Mass Add/Remove from WITHIN a field

The Mass Change a Field feature historically was a “find and replace” only. For all selected contacts, whatever was in the field was replaced by what you were now adding. That is, you had to replace the entire contents.

TntConnect 3.2 added an enhancement to that feature whereby you can add or remove values in a list. This works for any field with list items, such as the User fields.

So let’s say that I work in an athletic ministry and I track the favourite teams of my partners because I like to reference those teams in my conversation. Here are my partners and their favourite teams:

  • Huck Finn: Canucks
  • George Jetson: Canadiens
  • Fred Flintstone: Maple Leafs, Blue Jays
  • Elmer Fudd: Blue Jays

In this list, “Blue Jays” creates a problem because…

…for Elmer Fudd it is the entire field contents


but for Fred Flintstone it is only part of the field:


The comma between Maple Leafs & Blue Jays is important! The Mass Change can only work if commas separate the entries.

Add a comma-separated value

It’s an Olympic year and my partners are all excited about our team, so let’s say I want to Add “Canadian Olympic Team” to all four of the above contacts:

  1. Group Actions | Mass Change a Field
  2. Select the field to be updated (this is my User 1, renamed to “Favourite Team”)
  3. Select the action I want to take: Add to Comma Separated List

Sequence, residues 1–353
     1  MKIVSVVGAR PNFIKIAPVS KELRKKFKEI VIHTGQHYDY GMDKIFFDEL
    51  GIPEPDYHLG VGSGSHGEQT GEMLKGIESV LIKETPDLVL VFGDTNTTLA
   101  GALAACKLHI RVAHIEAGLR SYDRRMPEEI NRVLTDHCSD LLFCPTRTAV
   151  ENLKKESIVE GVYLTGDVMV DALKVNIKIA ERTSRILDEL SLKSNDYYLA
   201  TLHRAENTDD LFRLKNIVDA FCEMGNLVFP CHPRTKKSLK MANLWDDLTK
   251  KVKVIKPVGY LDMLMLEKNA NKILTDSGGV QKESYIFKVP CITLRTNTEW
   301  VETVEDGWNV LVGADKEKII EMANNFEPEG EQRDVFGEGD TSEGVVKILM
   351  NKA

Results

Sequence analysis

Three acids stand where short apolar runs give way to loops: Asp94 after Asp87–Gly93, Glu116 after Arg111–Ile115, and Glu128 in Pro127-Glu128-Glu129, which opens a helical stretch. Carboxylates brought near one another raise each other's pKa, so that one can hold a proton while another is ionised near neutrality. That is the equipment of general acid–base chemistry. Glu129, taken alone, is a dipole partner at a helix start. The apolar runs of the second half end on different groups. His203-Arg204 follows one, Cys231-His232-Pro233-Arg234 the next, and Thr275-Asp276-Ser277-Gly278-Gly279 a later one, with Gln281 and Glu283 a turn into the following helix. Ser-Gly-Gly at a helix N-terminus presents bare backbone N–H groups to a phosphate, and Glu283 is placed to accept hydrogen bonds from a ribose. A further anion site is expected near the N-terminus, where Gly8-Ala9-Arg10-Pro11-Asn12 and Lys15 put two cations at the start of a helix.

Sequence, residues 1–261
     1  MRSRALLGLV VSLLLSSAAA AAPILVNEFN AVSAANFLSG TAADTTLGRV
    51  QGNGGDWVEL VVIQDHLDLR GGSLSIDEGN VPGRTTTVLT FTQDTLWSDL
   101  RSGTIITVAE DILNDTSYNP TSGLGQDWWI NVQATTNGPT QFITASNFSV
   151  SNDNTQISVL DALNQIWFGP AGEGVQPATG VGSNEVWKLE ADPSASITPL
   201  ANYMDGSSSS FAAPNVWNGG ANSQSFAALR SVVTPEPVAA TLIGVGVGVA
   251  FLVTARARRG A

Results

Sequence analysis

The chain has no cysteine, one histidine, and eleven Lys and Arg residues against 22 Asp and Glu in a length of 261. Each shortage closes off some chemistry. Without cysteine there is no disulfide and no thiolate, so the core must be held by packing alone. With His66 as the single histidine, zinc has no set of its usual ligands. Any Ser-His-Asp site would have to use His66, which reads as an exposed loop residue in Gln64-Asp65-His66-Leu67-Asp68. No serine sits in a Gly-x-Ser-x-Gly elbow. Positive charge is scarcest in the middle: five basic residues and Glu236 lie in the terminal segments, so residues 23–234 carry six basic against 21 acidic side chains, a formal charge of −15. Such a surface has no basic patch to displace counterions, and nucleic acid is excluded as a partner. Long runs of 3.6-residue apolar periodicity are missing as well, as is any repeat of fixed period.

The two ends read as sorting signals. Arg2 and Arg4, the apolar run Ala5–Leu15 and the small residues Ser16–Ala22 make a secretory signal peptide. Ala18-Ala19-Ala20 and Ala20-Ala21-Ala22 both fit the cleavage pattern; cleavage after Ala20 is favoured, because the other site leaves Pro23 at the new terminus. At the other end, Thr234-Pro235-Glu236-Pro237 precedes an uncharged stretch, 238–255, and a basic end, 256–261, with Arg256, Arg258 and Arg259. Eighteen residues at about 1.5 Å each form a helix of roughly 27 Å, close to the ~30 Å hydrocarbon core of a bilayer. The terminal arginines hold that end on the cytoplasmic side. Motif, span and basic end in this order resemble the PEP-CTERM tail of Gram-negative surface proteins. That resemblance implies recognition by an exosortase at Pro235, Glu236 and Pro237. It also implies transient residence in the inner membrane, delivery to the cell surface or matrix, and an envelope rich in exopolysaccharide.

4. Enter the value I want to add (“Canadian Olympic Team”)
  5. Press OK


This will add (1) a comma and (2) the new text. So the new field values will look like this:

  • Huck Finn: Canucks, Canadian Olympic Team
  • George Jetson: Canadiens, Canadian Olympic Team
  • Fred Flintstone: Maple Leafs, Blue Jays, Canadian Olympic Team
  • Elmer Fudd: Blue Jays, Canadian Olympic Team

Remove comma separated value

Similarly, I can remove items from a list. Let’s say the Blue Jays moved to Toledo so I want to remove that from everyone.

  1. Group Actions | Mass Change a Field
  2. Select the field to be updated (“Favourite Team”)
  3. Select the action I want to take: Remove From Comma Separated List
  4. Enter the value I want to remove (“Blue Jays”)
  5. Press OK

The new field values will look like this:

  • Huck Finn: Canucks, Canadian Olympic Team
  • George Jetson: Canadiens, Canadian Olympic Team
  • Fred Flintstone: Maple Leafs, Canadian Olympic Team
  • Elmer Fudd: Canadian Olympic Team

Finally, remember the easy way to lookup a value inside a field is to use the “contains” option:




What if I have nothing to say?

If I am committed to writing a blog post every week—without fail—and yet I find myself with nothing to say, should I write one anyway?


Why? Because consistency matters.

If I miss a week or two, should I profusely apologize to my quiet but committed readers for missing, followed by an explanation of why I missed?


Why? Because they are not that committed.

Bob, aren’t you saying the exact opposite with those two questions?

Yes and No.

Boy that’s helpful.